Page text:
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Creating the Perfect Stitch



The tension controls on a serger are actually stitch selectors. Each thread has its own tension control. Changing one or more tension settings affects the character of the stitch, because it changes how the threads loop together. With tension adjustments, the serger can stitch a wick range of threads, fabrics, seams, hems, and decorative treatments.

A good way to become comfortable with serger tension adjustments is to thread each looper and needle with a contrasting thread color. Copy the color code used for the machine’s threading diagram. Make several stitch samples, tightening and loosening the tensions in sequence. You will see the effect of each tension adjustment and learn how to use the tension controls to create a balanced stitch. Most of the stitch samples shown below and opposite were made on a 3-thread serger; stitch samples made on other models look similar and are adjusted in the same way.

Correctly Balanced Tensions


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(left) 3-thread stitch is formed by two loopers and one needle. Upper (orange) and lower (yellow) looper threads form neat, smooth chain at raw edge. Needle thread (green) forms flat stitches without puckers. (center) 4/3-thread stitch is formed by two loopers and two needles. Upper (orange) and lower (yellow) looper threads chain neatly at raw edge. Both needle threads (blue, green) form flat stitches that interlock with looper threads. (right) 4/2-thread stitch makes double row of stitches with two loopers and two needles. Left needle thread (blue) interlocks with lower looper thread (yellow) to make neat, pucker-free chainstitch. Upper looper thread (orange) and right needle thread (green) interlock over raw edge.

Common Tension Adjustments


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(left) Upper looper too tight. Upper looper thread (orange) pulls lower looper thread (yellow) to top side of fabric. Loosen upper looper tension so threads interlock at raw edge. (right) Lower looper too loose. Lower looper thread (yellow) rides loosely on top of fabric. Tighten lower looper tension until stitches lie flat and smooth on fabric.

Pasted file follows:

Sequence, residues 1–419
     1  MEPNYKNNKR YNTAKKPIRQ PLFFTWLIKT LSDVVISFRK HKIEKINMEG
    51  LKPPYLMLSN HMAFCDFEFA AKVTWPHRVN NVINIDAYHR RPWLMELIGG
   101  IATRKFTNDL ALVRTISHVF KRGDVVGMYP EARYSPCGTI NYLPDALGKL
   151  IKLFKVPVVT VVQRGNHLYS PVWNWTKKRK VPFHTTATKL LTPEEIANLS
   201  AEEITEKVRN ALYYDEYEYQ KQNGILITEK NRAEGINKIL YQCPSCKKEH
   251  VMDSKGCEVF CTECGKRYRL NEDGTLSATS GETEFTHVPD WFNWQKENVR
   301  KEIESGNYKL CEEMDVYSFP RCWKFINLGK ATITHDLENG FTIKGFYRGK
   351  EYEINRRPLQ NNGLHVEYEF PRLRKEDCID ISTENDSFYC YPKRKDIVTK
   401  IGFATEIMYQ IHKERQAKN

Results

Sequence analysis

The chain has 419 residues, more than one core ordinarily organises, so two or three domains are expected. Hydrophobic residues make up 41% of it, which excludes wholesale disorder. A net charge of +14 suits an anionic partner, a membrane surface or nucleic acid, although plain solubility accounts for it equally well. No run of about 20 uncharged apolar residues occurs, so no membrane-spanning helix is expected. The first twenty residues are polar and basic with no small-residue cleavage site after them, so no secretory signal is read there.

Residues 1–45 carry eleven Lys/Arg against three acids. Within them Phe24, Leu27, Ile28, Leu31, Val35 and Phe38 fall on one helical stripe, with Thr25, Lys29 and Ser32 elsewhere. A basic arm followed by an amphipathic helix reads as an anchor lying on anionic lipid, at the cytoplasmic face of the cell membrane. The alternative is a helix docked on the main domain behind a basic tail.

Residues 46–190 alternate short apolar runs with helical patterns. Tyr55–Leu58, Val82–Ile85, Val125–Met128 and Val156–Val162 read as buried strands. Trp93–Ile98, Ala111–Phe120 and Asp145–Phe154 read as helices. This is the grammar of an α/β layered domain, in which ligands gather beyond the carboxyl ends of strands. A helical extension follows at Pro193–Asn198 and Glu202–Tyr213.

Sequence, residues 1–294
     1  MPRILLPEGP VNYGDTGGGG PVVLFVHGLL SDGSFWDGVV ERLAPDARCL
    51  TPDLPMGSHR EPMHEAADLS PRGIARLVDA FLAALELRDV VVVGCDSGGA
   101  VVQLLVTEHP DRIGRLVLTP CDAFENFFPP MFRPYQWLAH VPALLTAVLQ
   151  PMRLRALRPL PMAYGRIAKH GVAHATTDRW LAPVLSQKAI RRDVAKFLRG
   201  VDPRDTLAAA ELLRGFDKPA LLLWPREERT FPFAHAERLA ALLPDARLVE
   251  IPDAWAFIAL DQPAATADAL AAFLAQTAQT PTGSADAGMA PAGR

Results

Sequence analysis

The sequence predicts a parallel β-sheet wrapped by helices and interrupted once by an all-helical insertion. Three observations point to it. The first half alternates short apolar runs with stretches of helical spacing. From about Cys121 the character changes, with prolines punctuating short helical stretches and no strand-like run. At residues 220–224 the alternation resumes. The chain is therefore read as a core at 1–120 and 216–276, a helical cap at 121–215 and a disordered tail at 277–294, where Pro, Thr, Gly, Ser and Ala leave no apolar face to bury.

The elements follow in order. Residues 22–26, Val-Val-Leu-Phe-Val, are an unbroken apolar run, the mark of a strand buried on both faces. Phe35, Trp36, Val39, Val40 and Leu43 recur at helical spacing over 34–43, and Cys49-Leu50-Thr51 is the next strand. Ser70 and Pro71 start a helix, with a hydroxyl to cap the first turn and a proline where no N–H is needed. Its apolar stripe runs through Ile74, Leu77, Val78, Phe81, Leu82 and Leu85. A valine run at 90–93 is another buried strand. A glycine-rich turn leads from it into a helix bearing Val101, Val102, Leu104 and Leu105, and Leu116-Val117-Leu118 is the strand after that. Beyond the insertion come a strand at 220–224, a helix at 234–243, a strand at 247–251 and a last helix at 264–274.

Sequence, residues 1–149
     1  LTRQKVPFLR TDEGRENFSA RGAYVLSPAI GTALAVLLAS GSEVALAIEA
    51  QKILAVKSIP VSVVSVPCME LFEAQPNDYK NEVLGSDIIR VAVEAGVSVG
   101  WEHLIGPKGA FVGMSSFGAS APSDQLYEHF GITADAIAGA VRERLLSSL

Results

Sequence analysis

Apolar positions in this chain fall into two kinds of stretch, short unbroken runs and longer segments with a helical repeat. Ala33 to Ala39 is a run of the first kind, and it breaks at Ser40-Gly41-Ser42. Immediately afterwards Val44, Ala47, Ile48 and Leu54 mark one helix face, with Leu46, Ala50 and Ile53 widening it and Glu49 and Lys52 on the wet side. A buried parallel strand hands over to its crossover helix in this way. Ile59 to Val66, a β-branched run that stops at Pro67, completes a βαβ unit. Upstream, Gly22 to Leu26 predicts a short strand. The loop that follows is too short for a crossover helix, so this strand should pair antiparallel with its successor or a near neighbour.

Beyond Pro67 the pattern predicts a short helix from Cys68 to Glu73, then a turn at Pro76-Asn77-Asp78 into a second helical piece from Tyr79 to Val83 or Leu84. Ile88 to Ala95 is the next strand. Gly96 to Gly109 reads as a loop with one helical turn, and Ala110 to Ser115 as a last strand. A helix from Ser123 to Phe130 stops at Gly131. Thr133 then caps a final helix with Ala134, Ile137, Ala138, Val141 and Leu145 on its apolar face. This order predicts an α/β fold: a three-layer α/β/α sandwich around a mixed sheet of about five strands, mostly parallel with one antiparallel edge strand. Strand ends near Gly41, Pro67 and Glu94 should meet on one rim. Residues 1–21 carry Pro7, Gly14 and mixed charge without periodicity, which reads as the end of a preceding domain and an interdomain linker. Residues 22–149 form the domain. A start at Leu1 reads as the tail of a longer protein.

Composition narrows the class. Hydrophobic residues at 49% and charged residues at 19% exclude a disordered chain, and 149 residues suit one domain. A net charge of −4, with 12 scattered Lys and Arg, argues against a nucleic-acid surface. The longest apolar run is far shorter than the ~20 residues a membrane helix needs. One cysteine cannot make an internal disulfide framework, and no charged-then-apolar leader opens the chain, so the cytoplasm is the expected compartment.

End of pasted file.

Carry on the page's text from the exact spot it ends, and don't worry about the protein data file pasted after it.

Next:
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(left) Upper looper too loose. Upper looper thread (orange) interlocks with lower looper thread (yellow) underneath fabric. Tighten upper looper tension so threads interlock at raw edge. (right) Lower looper too tight. Lower looper thread (yellow) pulls upper looper thread (orange), causing stitches to interlock under fabric. Loosen lower looper tension so threads interlock at raw edge.


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(left) Upper and lower loopers too tight. Fabric bunches and puckers within stitches. Loosen upper and lower tensions until fabric relaxes. (right) Upper and lower loopers too loose. Lower (yellow) and upper (orange) looper threads interlock beyond raw edge and form loose loops. Tighten both looper tensions so stitches hug raw edge.


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(left) Needle too tight. Fabric puckers or draws up lengthwise when needle thread (green) is too tight (a). Loosen needle tension until fabric relaxes. Test knits for thread breakage, loosening needle thread if necessary. On 4/3-thread machine (b), adjust each needle thread (blue, green) individually. (right) Needle too loose. Needle thread (green) forms loose loops underneath fabric (a). Tighten needle tension for flat, smooth stitches. On 4/3-thread serger (b), adjust each needle thread (blue, green) individually.

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Friday, 2016-12-30 8:22